Several months ago, Yellowstone National Park suffered historic flooding. Now, while water levels have dropped and recovery has been ongoing, the national park shared a new update.
Per the National Park Service, Yellowstone National Park visitors will no longer need to obtain a day-use ticket to travel the six-mile road corridor between Tower Junction and Slough Creek. The NPS states the day-use ticket pilot program began last month on August 3rd. The program intended to allow tourists to see the area impacted by flooding while also monitoring access. Now, the bureau’s decision to do away with day-use passes signifies this heavily-impacted area is marginally safer for additional use.
That said, the outlet did remind visitors that because the six-mile corridor is essentially a dead end. As such, they need to be aware that turnaround areas for larger vehicles, including buses, towing units, etc. are limited.
Additionally, the area spanning Tower Junction to Slough Creek is the only one that is currently open. The remainder of the Northeast Entrance Road is still, for the most part, off limits. As stated, that particular area of Yellowstone National Park endured some of the worst flood damage.
The National Park Service also provided potential visitors with information regarding camping areas in heavily affected regions of the park. As of now, the NPS’s website states certain trails and backcountry campsites in the northern range remain closed. Slough Creek Campground in particular remains closed for the season.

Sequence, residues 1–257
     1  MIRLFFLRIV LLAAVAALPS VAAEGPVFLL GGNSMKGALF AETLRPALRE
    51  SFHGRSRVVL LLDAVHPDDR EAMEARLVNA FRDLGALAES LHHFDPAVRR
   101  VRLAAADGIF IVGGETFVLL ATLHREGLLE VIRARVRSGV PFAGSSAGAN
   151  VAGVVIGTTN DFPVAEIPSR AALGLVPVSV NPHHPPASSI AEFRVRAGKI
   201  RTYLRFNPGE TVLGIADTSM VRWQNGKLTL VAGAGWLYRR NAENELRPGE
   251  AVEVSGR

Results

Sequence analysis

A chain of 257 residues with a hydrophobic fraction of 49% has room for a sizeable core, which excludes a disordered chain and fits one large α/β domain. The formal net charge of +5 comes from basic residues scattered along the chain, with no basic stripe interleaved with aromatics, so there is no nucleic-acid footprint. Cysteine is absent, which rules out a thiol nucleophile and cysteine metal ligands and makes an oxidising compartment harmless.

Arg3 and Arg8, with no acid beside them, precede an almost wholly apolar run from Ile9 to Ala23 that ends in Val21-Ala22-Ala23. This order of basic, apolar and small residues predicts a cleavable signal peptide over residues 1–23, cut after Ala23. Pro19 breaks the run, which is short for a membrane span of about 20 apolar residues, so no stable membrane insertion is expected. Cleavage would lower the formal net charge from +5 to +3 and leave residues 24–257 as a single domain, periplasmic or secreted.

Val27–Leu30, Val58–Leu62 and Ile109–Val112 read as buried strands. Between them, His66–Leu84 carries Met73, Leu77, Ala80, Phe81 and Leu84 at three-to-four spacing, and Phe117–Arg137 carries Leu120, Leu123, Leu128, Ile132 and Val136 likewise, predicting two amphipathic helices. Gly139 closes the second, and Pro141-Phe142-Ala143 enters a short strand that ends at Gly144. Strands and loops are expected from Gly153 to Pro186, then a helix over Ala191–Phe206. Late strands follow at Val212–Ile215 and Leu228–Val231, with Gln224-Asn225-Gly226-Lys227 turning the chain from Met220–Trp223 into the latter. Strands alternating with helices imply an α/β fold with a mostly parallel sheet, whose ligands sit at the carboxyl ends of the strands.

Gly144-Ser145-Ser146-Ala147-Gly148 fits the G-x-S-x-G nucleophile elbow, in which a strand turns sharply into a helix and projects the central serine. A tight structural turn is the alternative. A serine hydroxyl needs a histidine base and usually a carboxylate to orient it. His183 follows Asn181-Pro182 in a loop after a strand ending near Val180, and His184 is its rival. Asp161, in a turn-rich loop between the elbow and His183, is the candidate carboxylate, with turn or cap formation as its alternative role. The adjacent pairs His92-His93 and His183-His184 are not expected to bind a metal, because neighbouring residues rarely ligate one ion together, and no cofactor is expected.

Dozens of Yellowstone National Park Mammals Killed Annually In Auto Collisions
With Yellowstone National Park welcoming back greater numbers of tourists following the damaging floods that ravaged the area in June, there’s also an increased risk to local wildlife of being struck by a vehicle. And with the annual elk rut picking up again this month, some of the park’s largest inhabitants face a serious threat.
On average, about 75 of Yellowstone National Park’s biggest mammals, including bison, pronghorn, and deer, are killed each year, often due to speeding vehicles. The best way to prevent these tragedies? Be sure to follow the speed limit.
Yellowstone’s park rangers are vigilant about keeping both its visitors and wild residents safe, but given that the park covers a massive 3,000+ miles, it’s impossible for them to be everywhere all the time. So, as the National Park Service asks in the following Facebook post, be sure that when you visit America’s oldest national park, you abide by the speed limit signs.
The NPS reminded tourists online that “Speed limits [throughout Yellowstone National Park] are 45 mph (72 kph) or lower.” With 75 animals annually at risk, they continued, “Help us protect the wildlife by following the speed limit and staying alert for animals crossing the road. You never know what will be around the next bend!”